green five Part of the furniture

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    Bloody hell I think have taken too many of my tablets :confused:
     
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  19. std tank

    std tank Part of the furniture

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    The 2-8-2 design diagram is illustrated in E.S. Cox's book Standard Steam Locomotives. The length of the loco was the same as a Britannia, 2-1" longer than a 9F. The loco would have had 5'-3" dia driving wheels and the same boiler as a Britannia.
     
  20. Jamessquared

    Jamessquared Nat Pres stalwart

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    There are a couple of schematics in "Bulleid of the Southern", by HAV Bulleid.

    The first (dated June 1938) is a somewhat conventional-looking 2-8-2 with 6'3" driving wheels at 6'7" centres (Fixed wheelbase = 19'9"). Other salient dimensions are 19"*30" outside cylinders and 20.5"*26" inside cylinder; 220psi boiler with 50sq ft grate; 6 wheel tender of distinctly Maunsell outline with 5000 gallons of water and 5 tons of coal; estimated weight of loco and tender 154 tons.

    If I've calculated right, that gives a TE of about 40,600lbs - put that in your pipe and smoke it, Collett! :)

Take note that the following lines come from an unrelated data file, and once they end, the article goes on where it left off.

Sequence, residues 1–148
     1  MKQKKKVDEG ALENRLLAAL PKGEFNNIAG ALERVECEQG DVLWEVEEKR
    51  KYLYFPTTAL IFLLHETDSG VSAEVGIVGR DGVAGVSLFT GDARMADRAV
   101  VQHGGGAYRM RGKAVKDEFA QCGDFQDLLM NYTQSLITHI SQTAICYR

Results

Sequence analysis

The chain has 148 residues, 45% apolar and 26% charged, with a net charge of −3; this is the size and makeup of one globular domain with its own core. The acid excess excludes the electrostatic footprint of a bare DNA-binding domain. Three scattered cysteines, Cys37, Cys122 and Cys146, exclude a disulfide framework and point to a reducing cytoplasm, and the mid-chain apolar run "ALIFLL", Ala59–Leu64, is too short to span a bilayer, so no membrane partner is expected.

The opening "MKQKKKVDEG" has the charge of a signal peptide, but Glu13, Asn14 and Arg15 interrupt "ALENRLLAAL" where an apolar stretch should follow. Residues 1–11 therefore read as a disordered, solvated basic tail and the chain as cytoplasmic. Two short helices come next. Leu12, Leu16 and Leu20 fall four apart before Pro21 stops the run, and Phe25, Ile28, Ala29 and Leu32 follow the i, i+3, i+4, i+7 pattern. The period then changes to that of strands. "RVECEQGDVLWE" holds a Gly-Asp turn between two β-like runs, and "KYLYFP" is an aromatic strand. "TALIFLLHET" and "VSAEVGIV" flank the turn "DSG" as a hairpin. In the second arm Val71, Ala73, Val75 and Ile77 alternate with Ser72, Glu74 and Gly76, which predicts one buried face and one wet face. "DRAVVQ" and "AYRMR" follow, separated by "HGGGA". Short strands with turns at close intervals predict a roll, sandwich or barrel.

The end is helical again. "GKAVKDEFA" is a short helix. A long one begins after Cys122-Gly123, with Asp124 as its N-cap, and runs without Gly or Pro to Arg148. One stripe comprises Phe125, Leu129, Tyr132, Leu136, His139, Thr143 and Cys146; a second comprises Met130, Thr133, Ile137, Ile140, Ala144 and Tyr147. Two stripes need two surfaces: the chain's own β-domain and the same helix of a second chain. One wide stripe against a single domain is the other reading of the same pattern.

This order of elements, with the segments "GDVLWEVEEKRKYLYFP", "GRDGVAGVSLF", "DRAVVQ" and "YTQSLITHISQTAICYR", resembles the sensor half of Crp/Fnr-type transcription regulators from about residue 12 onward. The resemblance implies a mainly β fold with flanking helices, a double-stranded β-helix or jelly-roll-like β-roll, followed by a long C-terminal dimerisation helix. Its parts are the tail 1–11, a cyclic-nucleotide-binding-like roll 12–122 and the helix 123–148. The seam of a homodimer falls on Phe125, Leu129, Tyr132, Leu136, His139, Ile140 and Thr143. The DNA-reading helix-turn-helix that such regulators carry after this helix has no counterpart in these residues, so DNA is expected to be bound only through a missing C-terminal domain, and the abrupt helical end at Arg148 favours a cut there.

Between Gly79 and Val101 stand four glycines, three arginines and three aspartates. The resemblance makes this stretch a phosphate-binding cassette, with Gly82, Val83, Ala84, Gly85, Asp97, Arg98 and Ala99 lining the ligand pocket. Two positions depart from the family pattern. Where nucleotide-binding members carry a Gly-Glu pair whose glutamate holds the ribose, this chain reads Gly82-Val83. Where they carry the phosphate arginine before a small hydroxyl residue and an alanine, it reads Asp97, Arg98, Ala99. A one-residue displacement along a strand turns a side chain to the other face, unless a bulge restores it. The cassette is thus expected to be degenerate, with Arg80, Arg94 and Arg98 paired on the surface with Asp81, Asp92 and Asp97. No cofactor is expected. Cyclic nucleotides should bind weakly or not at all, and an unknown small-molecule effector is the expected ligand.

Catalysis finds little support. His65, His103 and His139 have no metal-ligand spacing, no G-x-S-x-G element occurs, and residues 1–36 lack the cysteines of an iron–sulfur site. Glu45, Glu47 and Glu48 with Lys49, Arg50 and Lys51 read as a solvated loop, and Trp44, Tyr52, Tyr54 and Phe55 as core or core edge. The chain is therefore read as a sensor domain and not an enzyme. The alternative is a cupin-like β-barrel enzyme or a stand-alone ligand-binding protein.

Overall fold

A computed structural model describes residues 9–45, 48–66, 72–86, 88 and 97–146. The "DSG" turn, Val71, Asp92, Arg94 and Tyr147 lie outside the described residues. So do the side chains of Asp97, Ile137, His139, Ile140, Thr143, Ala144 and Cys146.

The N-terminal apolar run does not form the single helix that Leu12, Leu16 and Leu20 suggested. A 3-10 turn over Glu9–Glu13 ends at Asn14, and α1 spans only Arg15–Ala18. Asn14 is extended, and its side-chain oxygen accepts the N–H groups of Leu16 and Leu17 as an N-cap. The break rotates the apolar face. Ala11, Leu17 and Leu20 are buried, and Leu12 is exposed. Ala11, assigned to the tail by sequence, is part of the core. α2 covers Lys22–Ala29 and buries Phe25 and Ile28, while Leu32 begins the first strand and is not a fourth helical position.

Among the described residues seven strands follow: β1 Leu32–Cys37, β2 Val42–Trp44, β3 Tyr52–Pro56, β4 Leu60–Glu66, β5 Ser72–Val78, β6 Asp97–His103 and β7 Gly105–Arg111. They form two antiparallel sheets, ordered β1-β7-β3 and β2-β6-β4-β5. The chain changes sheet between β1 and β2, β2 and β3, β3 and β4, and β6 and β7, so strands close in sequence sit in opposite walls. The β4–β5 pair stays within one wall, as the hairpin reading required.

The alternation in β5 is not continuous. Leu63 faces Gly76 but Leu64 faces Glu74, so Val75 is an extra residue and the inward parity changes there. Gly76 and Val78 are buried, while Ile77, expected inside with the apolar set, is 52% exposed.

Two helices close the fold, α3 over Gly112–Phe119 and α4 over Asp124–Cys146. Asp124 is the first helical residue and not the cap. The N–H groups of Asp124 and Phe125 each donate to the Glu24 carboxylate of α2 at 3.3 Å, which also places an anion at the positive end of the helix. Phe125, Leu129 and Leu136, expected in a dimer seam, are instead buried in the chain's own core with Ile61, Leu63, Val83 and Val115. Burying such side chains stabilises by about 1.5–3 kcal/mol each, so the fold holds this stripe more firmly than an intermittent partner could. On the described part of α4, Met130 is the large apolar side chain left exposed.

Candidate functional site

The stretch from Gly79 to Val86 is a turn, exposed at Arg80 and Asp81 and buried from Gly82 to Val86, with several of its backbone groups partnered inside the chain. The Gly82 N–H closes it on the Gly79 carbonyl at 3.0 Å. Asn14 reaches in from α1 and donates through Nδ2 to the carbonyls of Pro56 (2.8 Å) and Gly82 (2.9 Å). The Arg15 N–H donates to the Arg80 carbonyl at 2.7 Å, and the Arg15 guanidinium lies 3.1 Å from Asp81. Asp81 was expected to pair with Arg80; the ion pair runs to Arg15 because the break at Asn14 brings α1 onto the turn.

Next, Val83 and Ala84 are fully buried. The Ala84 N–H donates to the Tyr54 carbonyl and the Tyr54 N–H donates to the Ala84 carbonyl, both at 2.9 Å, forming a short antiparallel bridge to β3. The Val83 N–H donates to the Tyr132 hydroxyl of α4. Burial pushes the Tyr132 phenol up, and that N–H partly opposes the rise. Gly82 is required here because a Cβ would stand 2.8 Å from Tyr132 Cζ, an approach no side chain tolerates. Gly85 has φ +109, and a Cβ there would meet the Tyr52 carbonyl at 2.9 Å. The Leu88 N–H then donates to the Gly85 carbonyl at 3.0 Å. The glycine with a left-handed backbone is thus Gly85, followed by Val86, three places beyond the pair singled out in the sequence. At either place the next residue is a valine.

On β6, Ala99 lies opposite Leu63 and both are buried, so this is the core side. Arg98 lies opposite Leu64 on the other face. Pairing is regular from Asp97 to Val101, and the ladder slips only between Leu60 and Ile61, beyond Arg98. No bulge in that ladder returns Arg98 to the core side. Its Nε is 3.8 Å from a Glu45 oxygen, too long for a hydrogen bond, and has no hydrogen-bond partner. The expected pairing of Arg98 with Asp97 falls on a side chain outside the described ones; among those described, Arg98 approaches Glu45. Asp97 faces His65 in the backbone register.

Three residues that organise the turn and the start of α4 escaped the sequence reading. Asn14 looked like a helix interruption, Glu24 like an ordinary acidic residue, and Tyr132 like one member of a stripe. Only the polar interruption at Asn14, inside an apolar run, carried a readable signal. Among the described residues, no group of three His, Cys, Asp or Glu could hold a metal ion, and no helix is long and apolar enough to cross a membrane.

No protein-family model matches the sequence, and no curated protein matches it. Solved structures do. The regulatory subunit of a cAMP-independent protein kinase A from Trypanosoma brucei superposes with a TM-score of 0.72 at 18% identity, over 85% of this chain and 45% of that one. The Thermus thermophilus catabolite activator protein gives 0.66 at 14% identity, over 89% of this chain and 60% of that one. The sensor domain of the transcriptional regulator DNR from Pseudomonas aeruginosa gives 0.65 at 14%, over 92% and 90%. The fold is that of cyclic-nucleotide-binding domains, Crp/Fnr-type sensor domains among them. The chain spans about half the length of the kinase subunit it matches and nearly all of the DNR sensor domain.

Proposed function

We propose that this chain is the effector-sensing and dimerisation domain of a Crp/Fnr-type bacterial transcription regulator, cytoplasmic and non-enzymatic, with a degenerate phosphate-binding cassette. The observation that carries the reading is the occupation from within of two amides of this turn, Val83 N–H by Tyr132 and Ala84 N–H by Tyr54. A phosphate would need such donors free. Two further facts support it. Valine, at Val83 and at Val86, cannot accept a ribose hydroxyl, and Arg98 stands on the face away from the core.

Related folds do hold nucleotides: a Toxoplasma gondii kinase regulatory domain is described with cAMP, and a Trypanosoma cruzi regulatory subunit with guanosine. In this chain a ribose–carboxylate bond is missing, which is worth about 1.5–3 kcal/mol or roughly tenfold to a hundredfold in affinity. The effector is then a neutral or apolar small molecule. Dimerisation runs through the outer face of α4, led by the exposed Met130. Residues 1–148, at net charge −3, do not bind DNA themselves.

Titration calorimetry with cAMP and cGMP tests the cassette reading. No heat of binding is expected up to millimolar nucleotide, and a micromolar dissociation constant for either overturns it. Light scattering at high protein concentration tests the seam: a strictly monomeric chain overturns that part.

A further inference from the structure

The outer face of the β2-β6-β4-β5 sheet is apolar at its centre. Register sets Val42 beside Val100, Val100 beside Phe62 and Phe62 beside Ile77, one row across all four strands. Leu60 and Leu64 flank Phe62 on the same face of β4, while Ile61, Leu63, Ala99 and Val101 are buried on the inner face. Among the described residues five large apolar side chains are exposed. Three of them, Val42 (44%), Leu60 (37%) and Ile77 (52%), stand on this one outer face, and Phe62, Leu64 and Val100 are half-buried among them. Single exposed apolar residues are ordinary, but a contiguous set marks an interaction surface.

There is a second design, distinctly more Bulleid in appearance, with air-smoothed casing and a Bulleid-pattern tender. Main dimensions are 6'2" drivers and 6'8" centres, 275psi boiler, total weight 155tons. No other dimensions given except it was a three cylinder design again, with two sets of (presumably miniaturised) inside Walschaerts valve gear and derived drive to the middle cylinder. However, the significant design feature is that it was to have been fitted with a Helmholtz truck at the front, reducing the fixed wheelbase. On that ground, Ellson (the civil engineer, who had a distinct reluctance to sanction front pony trucks) agreed to allow two to be built for testing purposes; and Bulleid promptly said "no" as he didn't want endless haggling. Thus he returned to 4-6-2 designs.

    Tom